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Livingston County, Kentucky

Livingston City Hall is located at 321 Court Street, Smithland, KY 42081; phone: 270-928-2162.


Thomas Lawson House

Photo: Thomas Lawson House, circa 1876, located on Wabash Avenue, Grand Rivers. Listed on the National Register of Historic Places in 1978. Photographed by User:Plazak (own work), 2011, [cc-3.0], via Wikimedia Commons, accessed November, 2021.


TOWNS

When Livingston [†] was established in 1798, it consisted of a thinly-populated large area, and began to follow a course followed by many counties established in 18th-century Kentucky. That is, various crossroads and shipping towns soon arose distant from the county seat; as people saw their interests align more with those newer urban areas than with the county seat, people in a part of the county would elect to separate and to form their own county. This public behavior is not confined to county governments: for instance, we see factions emerge in churches which lead one congregation to become two; on a larger scale, our country was born of a split from England, and conflict between regional interests in the US reached their climax in the American Civil War. One key factor that stabilized the evolution of Livingston County government was the courthouse in Smithland. The seat in Livingston hopped from one town and then another, not settling in Smithland until 1842, more than 40 years after the county was established. We see in the court orders for each courthouse in the succession of earlier county seats, thoughtfulness in the construction and design specifications for the building that would house county government. While each court built the finest structure it could manage, given the fiscal affairs and construction technologies available, voters still would tire of one town and vote another to become the seat, or would divorce from Livingston to form their own county. The courthouse that took form in 1845 Smithland is the courthouse that survives today, a building that grounded county government after that in Smithland. The seat remained in the town even after it lost a later election to a rival town, presumably demonstrating that a building's power exceeds the power of the vote. The nominated property's story tells of many ways that county residents have come to identify with this building. Those residents recall many of the events that have occurred there, the many judges presiding over the court, and the variety of non-governmental uses that the public square has served over the years.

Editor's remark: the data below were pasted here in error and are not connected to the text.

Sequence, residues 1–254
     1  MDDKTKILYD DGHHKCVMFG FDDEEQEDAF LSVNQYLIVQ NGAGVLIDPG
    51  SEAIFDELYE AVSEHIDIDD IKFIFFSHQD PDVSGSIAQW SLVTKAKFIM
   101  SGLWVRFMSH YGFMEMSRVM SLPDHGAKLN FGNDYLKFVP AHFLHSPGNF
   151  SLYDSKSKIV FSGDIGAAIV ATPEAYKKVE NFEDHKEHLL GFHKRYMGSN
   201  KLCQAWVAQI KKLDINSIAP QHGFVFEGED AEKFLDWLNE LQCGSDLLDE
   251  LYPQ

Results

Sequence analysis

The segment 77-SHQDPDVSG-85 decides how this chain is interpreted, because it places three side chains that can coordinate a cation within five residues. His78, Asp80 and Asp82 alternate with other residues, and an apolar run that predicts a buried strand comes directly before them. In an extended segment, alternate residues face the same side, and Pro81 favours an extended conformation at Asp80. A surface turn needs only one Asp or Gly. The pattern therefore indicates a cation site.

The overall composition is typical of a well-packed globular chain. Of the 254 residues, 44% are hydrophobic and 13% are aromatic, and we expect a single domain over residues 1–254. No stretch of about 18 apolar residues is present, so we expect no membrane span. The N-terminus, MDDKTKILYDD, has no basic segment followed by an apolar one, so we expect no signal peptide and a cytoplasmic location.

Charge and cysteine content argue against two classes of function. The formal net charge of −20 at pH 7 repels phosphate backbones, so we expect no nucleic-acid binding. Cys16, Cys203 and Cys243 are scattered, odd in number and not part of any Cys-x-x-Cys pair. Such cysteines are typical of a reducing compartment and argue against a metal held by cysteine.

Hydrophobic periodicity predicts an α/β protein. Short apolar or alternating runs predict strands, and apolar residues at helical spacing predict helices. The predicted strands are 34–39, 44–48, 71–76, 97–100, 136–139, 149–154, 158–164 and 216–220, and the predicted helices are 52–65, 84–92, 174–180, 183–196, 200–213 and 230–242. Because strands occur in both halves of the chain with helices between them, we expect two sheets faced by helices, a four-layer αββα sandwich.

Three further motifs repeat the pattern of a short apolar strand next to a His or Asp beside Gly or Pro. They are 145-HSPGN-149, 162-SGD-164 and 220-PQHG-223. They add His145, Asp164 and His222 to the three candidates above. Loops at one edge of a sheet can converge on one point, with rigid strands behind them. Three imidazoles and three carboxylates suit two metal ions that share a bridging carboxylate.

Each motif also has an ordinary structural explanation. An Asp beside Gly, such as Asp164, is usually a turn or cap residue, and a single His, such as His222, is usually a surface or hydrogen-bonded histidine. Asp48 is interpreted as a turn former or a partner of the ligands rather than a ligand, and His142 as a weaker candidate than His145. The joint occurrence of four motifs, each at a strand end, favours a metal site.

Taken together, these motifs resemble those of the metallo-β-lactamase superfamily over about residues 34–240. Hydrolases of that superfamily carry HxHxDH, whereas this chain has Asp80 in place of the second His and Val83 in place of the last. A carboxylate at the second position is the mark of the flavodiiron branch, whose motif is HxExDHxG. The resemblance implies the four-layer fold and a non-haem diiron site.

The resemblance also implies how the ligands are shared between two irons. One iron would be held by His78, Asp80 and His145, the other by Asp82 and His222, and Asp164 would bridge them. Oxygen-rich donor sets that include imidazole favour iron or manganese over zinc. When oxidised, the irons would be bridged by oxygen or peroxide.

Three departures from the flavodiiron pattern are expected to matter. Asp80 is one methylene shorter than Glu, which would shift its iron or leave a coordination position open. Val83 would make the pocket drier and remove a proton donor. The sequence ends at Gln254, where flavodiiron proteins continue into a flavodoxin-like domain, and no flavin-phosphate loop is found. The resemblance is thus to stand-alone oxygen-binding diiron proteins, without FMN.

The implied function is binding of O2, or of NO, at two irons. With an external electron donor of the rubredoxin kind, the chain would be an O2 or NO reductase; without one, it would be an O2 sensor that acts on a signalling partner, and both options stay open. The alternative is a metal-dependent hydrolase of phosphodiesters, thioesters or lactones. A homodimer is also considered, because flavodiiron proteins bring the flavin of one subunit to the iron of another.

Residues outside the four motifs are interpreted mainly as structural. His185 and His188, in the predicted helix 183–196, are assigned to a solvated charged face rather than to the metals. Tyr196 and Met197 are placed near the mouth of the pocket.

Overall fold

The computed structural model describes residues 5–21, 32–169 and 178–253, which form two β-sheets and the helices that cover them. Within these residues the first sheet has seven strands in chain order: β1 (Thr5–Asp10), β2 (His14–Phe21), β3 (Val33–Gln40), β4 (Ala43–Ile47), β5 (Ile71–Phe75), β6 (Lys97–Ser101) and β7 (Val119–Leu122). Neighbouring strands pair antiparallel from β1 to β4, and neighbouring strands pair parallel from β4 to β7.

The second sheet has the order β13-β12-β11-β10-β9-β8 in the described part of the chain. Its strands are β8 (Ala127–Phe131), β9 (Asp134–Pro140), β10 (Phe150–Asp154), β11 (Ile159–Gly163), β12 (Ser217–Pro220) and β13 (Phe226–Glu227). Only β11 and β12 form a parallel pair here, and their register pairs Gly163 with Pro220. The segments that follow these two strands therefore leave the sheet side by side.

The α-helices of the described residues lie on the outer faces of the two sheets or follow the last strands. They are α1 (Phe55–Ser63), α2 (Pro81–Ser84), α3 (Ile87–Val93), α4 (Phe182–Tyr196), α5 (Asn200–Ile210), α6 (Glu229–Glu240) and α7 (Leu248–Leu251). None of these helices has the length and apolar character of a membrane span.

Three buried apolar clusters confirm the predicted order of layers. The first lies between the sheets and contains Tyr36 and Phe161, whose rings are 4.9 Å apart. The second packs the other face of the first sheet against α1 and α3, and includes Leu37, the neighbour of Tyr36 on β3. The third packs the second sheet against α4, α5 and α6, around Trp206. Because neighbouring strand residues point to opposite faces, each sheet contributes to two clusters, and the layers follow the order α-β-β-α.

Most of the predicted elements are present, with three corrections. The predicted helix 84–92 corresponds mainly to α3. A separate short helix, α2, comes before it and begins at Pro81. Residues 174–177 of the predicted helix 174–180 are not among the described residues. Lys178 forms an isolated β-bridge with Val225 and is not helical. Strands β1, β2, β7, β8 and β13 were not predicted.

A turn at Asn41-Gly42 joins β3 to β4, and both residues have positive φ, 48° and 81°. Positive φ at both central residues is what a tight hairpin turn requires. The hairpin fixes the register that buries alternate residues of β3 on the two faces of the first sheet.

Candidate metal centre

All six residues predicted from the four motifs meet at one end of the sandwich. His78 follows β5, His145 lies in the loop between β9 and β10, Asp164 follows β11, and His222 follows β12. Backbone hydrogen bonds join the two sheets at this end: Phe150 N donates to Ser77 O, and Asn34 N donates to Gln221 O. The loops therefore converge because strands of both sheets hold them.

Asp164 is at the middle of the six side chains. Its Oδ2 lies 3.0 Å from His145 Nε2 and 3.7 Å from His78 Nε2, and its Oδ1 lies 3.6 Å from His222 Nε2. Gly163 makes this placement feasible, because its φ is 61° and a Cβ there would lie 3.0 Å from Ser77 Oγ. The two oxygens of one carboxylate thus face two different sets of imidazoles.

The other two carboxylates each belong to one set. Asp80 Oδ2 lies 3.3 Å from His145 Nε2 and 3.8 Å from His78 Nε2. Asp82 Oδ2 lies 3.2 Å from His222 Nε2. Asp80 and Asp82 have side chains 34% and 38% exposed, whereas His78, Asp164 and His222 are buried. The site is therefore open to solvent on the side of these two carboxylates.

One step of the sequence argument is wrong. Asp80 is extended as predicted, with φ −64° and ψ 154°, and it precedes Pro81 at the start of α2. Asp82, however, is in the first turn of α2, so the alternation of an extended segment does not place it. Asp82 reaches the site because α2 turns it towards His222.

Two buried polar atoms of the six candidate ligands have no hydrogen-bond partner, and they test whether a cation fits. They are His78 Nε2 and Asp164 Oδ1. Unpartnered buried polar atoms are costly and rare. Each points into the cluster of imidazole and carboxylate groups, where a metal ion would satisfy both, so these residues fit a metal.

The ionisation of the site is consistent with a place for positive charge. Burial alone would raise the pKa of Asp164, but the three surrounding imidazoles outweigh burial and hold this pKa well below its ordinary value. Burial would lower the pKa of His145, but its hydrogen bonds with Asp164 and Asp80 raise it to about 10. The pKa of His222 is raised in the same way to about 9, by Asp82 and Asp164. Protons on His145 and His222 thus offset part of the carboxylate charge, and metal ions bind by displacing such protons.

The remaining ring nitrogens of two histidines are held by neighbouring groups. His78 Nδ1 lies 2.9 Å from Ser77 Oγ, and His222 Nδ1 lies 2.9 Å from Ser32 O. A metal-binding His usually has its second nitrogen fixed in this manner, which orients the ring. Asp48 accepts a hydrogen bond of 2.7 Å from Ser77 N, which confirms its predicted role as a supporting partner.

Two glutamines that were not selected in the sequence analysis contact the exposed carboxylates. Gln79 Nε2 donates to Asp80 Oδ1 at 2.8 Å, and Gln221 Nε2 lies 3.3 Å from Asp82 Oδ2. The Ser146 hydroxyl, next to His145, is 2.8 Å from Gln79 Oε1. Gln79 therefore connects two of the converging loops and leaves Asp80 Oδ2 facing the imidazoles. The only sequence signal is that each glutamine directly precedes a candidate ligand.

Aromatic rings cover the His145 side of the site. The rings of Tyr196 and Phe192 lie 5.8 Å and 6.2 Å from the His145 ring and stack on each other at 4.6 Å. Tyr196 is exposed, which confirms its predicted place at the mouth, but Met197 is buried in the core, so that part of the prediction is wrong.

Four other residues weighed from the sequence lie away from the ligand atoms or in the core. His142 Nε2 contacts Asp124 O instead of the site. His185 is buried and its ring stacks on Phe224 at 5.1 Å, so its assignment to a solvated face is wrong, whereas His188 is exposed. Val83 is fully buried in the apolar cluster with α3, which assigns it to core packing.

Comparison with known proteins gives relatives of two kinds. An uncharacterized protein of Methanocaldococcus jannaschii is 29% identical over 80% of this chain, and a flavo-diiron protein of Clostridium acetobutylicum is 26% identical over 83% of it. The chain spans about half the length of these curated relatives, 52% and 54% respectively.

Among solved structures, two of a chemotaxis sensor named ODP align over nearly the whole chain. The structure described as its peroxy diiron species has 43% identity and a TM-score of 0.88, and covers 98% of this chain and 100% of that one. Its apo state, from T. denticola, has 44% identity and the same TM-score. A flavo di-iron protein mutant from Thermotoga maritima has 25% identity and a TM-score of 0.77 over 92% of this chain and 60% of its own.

† Tracy Cothran Jordan; Brenda Joyce Jerome; Jerry Bebout, Livingston County Historical & Genealogical Society, Inc., Livingston County Courthouse and Clerk's Offices, nomination document, 2011, National Park Service, National Register of Historic Places, Washington, D.C., accessed November, 2021.

HISTORIC SITES